Museum Hours
Thu: 1 PM–8 PM
Fri–Mon: 10 AM–5 PM
Tue–Wed: Closed
200 Larkin Street
San Francisco, CA 94102

Chinese Lacquerware

Nov 10, 2015 – Oct 23, 2016

Chinese Lacquerware introduces one of the most enduring and unique forms of craftsmanship in the world. Eight intricate pieces — made by top artisans to suit the refined tastes of the elite — make their debut in our galleries. 

The techniques used to create Chinese lacquer, seen in works from the 13th through 20th centuries, are awe-inspiring and invite closer examination. Some pieces are coated with more than 100 layers of lacquer, then carved to reveal a detailed relief. Meticulous applications of mother-of-pearl produce sprawling scenes with the scope of landscape paintings. Objects in these and other styles exemplify the aesthetics of Confucian scholars, who displayed this type of art in their studies.

Chinese lacquers feature historical figures, scholars, flower motifs and a variety of auspicious symbols. A round red Yuan-dynasty tray, for example, is elaborately decorated with peacocks flying through peony blossoms, an emblem of wealth and nobility. On another tray, a little boy depicted in mother-of-pearl inlay emerges from a lotus blossom, symbolizing the wish for many sons.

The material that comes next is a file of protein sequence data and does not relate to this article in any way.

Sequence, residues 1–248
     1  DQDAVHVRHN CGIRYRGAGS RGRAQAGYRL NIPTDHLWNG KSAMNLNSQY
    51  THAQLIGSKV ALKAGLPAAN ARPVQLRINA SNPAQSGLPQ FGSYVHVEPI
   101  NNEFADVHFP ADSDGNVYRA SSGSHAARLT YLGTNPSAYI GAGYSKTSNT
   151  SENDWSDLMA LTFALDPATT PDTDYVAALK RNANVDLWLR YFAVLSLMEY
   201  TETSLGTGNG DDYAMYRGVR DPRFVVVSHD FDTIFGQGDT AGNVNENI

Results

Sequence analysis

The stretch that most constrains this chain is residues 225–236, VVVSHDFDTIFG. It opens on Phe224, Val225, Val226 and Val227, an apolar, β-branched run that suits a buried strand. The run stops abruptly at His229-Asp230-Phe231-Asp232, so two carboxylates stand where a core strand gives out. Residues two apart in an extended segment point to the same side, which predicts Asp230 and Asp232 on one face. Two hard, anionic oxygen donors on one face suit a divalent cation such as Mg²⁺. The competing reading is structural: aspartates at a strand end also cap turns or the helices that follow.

Get to know the rich history of this artistic tradition through a selection of compelling and distinctive pieces.

Love lacquer? Be sure to check out our presentation of Japanese lacquerware and our upcoming exhibition Mother-of-Pearl Lacquerware from Korea, opening in April.

Download a PDF of our 2008 publication The Conservation of Asian Lacquer: Case Studies at the Asian Art Museum of San Francisco.

Main image: Ovoid tray decorated with warriors in a landscape (detail), approx. 1300-1368. China, Yuan dynasty (1279-1368). Lacquer. Asian Art Museum, Gift of the Christensen Fund, BL77M15. Photograph © Asian Art Museum.

Organizers & Sponsors

Chinese Lacquerware is organized by the Asian Art Museum.